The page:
Objective Reasonableness Is Important but Not Determinative

In its new decision the Court first addressed the purposes of the Copyright Act to frame the factors to consider in awarding fees. The Court found it "well-settled" that the Copyright Act enables "access to creative works by striking a balance between encouraging and rewarding authors' creations and enabling others to build on that work." Fee awards to plaintiffs reward creative authors while fee awards to defendants deter overbroad or chilling assertions of copyrights. The Court held that the fee provision itself supports this dichotomy. That "the court may [] award a reasonable attorney's fee to the prevailing party" suggests that plaintiffs and defendants should seek the award equally. 17 U.S.C. § 505.

The Court confirmed the utility of the four "nonexclusive factors" footnoted in Fogerty: frivolousness, motivation, objective unreasonableness, and compensation or deterrence. The Court then held that the objective unreasonableness of the losing party's position in litigation is "an important factor" that "carries significant weight" or "substantial weight." Heightened weight of this factor encourages parties with strong legal positions to continue litigating even if they (as plaintiffs) do not seek large fees or (as defendants) may endure a costly defense. Conversely, any party with a weak case may be deterred by the specter of two sets of fees.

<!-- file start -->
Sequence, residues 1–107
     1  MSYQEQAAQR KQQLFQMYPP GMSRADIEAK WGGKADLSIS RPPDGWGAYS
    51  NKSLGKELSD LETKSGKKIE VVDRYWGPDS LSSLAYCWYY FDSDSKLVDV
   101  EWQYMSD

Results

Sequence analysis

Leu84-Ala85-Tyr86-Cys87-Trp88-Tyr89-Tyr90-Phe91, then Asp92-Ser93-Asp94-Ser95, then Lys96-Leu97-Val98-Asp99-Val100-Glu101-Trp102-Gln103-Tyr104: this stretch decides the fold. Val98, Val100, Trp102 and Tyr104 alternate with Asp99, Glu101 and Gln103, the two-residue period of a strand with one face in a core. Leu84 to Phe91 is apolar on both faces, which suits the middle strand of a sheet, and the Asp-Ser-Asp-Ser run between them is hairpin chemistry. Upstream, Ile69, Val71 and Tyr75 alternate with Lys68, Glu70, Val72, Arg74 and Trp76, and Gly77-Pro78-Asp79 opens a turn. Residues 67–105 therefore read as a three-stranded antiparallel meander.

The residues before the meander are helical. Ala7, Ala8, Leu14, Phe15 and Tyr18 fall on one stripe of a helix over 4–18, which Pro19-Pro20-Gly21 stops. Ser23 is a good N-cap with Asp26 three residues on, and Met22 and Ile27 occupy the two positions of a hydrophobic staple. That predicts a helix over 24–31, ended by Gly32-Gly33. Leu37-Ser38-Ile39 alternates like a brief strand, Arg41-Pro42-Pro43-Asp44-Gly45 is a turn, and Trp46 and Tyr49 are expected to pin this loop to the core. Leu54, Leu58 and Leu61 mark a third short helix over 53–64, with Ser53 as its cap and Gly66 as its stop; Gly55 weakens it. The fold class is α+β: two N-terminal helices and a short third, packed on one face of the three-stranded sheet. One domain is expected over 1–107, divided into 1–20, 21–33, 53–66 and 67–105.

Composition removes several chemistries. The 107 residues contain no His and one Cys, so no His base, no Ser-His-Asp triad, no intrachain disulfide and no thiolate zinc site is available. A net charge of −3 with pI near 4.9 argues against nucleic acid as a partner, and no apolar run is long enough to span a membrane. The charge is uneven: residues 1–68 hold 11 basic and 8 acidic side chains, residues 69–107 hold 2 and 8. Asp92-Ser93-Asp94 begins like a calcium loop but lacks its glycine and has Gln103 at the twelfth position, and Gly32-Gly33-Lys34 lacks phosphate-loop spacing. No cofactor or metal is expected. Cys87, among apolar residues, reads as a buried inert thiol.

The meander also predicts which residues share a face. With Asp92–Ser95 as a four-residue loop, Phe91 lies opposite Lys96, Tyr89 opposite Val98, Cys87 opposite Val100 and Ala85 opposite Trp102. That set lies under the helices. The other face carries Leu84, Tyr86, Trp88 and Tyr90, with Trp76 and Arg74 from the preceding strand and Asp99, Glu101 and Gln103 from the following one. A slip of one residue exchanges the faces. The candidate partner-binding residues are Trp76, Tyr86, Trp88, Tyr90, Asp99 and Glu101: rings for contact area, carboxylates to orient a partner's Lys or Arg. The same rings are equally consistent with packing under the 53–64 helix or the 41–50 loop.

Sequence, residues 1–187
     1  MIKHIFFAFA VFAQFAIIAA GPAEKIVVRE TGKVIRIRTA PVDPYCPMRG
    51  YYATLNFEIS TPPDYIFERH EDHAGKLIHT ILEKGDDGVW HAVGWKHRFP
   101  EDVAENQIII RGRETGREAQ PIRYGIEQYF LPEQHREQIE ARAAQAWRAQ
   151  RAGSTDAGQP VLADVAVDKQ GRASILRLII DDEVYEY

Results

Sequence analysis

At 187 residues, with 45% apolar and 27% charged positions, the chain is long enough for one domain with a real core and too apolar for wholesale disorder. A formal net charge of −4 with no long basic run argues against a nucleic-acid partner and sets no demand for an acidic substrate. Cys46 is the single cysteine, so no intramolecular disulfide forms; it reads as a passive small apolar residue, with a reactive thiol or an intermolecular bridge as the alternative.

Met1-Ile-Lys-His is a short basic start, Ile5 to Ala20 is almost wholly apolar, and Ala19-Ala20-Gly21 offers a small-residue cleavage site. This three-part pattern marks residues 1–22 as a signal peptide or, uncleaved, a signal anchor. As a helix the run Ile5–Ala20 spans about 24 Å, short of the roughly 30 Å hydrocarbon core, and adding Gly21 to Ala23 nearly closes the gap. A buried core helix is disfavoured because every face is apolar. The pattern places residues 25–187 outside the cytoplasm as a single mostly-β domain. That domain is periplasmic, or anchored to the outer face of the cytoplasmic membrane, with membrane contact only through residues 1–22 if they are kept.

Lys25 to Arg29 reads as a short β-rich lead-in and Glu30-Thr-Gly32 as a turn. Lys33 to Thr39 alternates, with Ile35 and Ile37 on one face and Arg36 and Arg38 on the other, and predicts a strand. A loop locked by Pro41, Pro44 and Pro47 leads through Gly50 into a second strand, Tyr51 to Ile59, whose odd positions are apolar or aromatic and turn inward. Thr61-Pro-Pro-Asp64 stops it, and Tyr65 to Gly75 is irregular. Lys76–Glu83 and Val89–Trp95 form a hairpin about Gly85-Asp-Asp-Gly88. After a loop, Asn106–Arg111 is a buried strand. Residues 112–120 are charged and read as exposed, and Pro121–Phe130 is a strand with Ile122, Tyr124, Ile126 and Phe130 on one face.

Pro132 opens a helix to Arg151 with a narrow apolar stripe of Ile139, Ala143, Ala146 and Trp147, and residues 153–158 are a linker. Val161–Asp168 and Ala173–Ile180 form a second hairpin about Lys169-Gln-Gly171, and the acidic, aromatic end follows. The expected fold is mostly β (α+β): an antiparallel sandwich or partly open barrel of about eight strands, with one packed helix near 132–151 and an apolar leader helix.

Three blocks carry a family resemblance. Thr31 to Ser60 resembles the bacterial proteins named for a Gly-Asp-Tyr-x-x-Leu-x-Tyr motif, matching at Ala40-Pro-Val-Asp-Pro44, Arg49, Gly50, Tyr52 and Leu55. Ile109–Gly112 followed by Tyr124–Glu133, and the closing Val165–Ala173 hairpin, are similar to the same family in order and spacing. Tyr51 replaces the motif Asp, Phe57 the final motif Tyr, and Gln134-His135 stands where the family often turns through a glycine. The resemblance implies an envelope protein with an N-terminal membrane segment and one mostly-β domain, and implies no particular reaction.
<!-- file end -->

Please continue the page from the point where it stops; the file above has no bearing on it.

Nevertheless, the Court ruled that objective unreasonableness is not a "controlling" factor, and courts "must view all the circumstances of a case on their own terms, in light of the Copyright Act's essential goals." Even if the losing party's conduct is reasonable, there is no presumption against fees. Such a bright-line rule would "cabin" the district court's broad discretion. The Court specifically identified two instances where these "other factors" might tilt the balance: (1) litigation misconduct and (2) where the party has been overzealous as a plaintiff in asserting copyright claims or as a defendant involved in "repeated instances of copyright infringement." (For this the Court cited Viva Video, Inc. v. Cabrera, 9 Fed. Appx. 77, 80 (2d Cir. 2001) and Bridgeport Music, Inc. v. WB Music Corp., 520 F. 3d 588, 593–595 (6th Cir. 2008)). In these instances, the court may grant a fee award even against a party with reasonable defenses. The Supreme Court's approval of Bridgeport may be instructive. In Bridgeport, the Sixth Circuit permitted fees despite the losing party's argument having some legal merit, holding that "objective reasonableness is not an impenetrable shield against fees and costs." Id. at 593-594. Bridgeport also found relevant Bridgeport's dubious litigation in companion cases, which further incentivized the Sixth Circuit to deter Bridgeport from "questionable litigation tactics." Id. at 595.